Yuni Kim Lang, a 30-year-old textile artist based in Bloomfield Hills, Michigan, has an intimate, if complicated, relationship with hair.
Born in Seoul to Korean parents, she is endowed with the thick, black, shiny locks that are both a sign of her identity and a symbol of the weight of cultural assumptions that have been imposed on her.
A self-described “third-culture kid,” Lang spent many of her formative years in China, where her father was an executive for Samsung. Educated at international schools in Hong Kong, Shanghai, and Beijing, she learned to speak both Chinese and unaccented American English. Returning to Korea over the years, Lang was singled out, sometimes teased cruelly, by other children.
“It’s a very traditional, homogenous society. Even though I looked the same, they knew I was different. I couldn’t fake it.” At the same time, she remembers being told that she shouldn’t act a certain way, or speak her mind, because it wasn’t considered “ladylike” in Korean culture. “And always, these endless lectures by my mother and grandmother that I must never, ever, cut or dye my hair, because it’s what makes me ‘special,’ ” Lang recalls.
Although Lang felt more comfortable as an expat among other expat students in China and later in New York – where she moved in 2004 to attend Parsons School of Design – she never shed her feeling of being an “in-betweener”: someone who isn’t entirely at home in any culture. “Even at art school, the Korean Americans shared a popular culture I wasn’t part of, and they found me confusing. I never felt authentic.”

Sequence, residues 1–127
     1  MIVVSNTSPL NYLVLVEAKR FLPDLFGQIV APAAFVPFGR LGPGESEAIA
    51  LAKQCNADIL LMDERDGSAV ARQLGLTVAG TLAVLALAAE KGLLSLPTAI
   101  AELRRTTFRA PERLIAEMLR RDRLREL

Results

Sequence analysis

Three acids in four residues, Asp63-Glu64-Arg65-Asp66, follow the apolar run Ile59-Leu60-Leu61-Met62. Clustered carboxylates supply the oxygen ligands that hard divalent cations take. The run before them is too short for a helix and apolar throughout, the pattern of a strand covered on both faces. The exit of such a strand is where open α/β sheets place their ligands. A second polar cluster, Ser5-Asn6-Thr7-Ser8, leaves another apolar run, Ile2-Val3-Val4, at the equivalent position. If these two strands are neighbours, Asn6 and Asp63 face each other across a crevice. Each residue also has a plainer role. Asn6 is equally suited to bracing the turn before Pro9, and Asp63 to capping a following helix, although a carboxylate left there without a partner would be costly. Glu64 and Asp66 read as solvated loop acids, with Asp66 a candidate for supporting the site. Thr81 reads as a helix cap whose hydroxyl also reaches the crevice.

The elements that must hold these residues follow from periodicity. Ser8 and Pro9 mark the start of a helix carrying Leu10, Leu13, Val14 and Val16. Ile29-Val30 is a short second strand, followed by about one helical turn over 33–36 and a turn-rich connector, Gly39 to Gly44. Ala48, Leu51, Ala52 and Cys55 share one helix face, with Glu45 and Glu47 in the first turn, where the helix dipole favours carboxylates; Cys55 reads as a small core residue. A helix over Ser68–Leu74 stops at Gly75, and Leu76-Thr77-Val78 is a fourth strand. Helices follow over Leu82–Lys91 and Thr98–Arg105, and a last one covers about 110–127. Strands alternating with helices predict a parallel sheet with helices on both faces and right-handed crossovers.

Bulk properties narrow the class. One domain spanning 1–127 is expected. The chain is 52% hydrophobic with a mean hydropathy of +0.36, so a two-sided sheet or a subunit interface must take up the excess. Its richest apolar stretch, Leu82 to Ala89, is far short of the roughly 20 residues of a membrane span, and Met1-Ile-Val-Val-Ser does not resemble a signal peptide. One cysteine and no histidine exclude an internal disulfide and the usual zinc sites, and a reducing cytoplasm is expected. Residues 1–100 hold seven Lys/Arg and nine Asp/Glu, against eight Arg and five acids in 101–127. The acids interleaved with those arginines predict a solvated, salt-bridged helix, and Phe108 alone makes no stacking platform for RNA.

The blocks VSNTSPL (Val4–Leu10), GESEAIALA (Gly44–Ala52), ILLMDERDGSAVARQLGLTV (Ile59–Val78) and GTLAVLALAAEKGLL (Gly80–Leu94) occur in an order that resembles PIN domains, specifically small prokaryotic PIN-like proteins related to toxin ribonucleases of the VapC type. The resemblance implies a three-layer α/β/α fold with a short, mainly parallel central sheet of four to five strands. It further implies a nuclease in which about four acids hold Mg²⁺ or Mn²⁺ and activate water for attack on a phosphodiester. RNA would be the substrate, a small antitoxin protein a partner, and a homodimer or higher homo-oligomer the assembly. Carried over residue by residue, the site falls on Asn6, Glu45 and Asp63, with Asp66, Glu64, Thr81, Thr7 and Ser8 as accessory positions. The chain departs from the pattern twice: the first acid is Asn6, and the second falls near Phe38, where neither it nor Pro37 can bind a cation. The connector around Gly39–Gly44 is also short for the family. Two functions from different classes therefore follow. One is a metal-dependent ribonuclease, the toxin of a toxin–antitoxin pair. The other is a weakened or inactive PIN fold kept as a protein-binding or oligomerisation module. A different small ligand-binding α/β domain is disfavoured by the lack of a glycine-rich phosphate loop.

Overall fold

Although she had wanted to pursue fine arts at Parsons, Lang’s parents insisted she choose the more commercial field of graphic design. After graduation, Lang embarked on a jewelry design course at the Fashion Institute of Technology, leaving after a year for a job with the commercial jewelry company Nadri, which she found creatively unsatisfying. Soon thereafter, Lang met her husband-to-be, Alec, and they moved to his hometown of Bloomfield Hills – fortuitously, also home to Cranbrook Academy of Art. Finally free to approach art as a conceptual expression rather than a commodity, Lang decided to explore her fascination with sculptural work relating to the human body, and she earned her MFA in 2013.